In this construct, expression1 sets a counter variable to some initial value (this occurs only once). The exit condition is given by expression2, which determines the value the counter must reach in order for program execution to exit the loop. The exit condition is evaluated on each iteration of the loop. During each iteration, the statements within the loop are executed, as is expression3, which increments (or decrements) the counter by a specified value (usually 1). The short program below illustrates the use of the for loop.

// Example program 3
#include <stdio.h>
#include <conio.h>

void main()
{
  int x;

  for (x = 10; x > 0; x--)
  {
    printf("%d\n", x);
  }
  printf("\n\nWe have lift off!\n\n");
  printf("\n\nPress any key to exit . . . ");
  getch();
}


The flow chart for example program 3

The output from example program 3


Notice that in the above example, the counter variable (x) is both declared and initialised within the loop itself, although it is also possible to use an existing counter variable for this purpose. Notice also that we have initialised the counter to a non-zero value (10), and have used the decrement operator to reduce the value of the counter by one on each iteration of the loop. The program exits the loop when the counter reaches 0. The flow chart for example program 3 is shown below.


The flow chart for example program 3

The flow chart for example program 3



The break statement

We can use the break statement to exit from a loop before the exit condition has been satisfied. The program below demonstrates the use of the break statement, and is a modification of the for loop program we have just seen.

// Example program 4
#include <stdio.h>
#include <conio.h>

void main()
{
  int x;

  for (x = 10; x > 0; x--)
  {
    printf("%d\n", x);
    if (x==3)
    {
      printf("\n\nCountdown aborted at t-%d seconds", x);
      break;
    }
  }
  printf("\n\nPress any key to exit . . . ");
  getch();
}


The output from example program 4

The output from example program 4



The continue statement

The continue statement causes execution of the current iteration of a loop to terminate, so that program execution continues at the start of the next iteration of the loop. The following program demonstrates the use of the continue statement, again using a modification of the for loop program seen previously.

// Example program 5
#include <stdio.h>
#include <conio.h>

void main()
{
  int x;

  for (x = 10; x > 0; x--)
  {
    if (x==5) continue;
    printf("%d\n", x); // this line is omitted if x is 5
    }
  printf("\n\nPress any key to exit . . . ");
  getch();
}


The output from example program 5

The output from example program 5


Notice that the countdown has been completed, but the number 5 is not included. Program execution has jumped out of this iteration of the loop before the number can be output to the screen.


The goto statement

The goto statement allows you to make an unconditional jump to any point in the program. The destination is identified by a label, which consists of a valid identifier followed by a colon. Although we provide an example program below, use of the goto statement in a high-level programming language is generally considered to be poor programming practice.

// Example program 6
#include <stdio.h>
#include <conio.h>

void main()
{
  int x = 10;

loop:
  printf("%d\n", x );
  x--;
  if (x > 0) goto loop;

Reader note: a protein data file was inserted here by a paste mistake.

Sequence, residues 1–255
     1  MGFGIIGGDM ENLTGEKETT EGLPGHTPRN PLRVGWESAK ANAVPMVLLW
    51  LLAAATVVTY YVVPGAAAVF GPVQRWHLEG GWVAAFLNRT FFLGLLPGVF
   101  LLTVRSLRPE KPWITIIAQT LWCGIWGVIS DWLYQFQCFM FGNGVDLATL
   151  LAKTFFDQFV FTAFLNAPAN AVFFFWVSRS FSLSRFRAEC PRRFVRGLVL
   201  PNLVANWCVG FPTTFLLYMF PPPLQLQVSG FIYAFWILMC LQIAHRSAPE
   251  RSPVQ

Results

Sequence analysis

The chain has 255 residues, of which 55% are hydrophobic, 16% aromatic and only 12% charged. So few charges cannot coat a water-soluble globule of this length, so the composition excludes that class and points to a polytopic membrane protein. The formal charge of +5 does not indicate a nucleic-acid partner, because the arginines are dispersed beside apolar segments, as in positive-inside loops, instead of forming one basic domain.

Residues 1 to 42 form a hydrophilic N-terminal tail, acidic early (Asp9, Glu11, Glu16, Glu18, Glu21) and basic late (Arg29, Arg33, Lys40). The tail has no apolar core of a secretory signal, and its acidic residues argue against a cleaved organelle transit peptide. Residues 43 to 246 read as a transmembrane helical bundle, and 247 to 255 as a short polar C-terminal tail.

printf("\n\nWe have lift off!\n\n");
  printf("\n\nPress any key to exit . . . ");
  getch();
}


The output from example program 6

The output from example program 6



The exit() function

The exit() function is declared in the stdlib.h header file. It is used to terminate the current program, and to return a specific exit code to the process that called the program (e.g. the operating system). Its prototype is given below.

void exit (int exitcode);

By default, an exit code of 0 indicates that the program terminated normally. Any other value indicates that an error of some kind has occurred during program execution.


The switch statement

The switch statement allows us to compare the value of an expression with any number of constant values (cases). The action taken by the program will be that associated with the case matching the expression. In the event that none of the cases matches the expression, a default action may be specified. This construct is similar to using a series of if . . . else instructions. The general form of the switch statement is shown below.

switch (expression)
{
  case const_1:
    statement_1;
    break;
  case const_2:
    statement_2;
    break;
    .
    .
    .
  case const_n:
    statement_n;
    break;
  default:
    default statement;
}

The expression supplied as an argument to the switch statement is evaluated against each case in turn. If a match is found, the statement (or statements) associated with the matching case are executed. The break statement must follow the statement (or statements) to be executed for each case, or the program will continue to traverse the switch structure. When a break statement is encountered, program execution continues from the end of the switch structure. Note that the default case is optional. The following short program demonstrates the use of the switch statement.

// Example program 7
#include <stdio.h>
#include <conio.h>

void main()
{
  int x;

  printf("Please enter a number between 1 and 5: ");
  scanf("%d", &x);

  switch ( x )
  {
    case 1:
      printf("\n\nYou entered one!\n\n");
      break;
    case 2:
      printf("\n\nYou entered two!\n\n");
      break;
    case 3:
      printf("\n\nYou entered three!\n\n");
      break;
    case 4:
      printf("\n\nYou entered four!\n\n");
      break;
    case 5:
      printf("\n\nYou entered five!\n\n");
      break;
    default:
      printf("\n\nNumber is outside specified range.\n\n");
    }
  printf("\n\nPress any key to exit . . . ");
  getch();
}


The output from example program 7

The output from example program 7


The flow chart for example program 7 is shown below.


The flow chart for example program 7

The flow chart for example program 7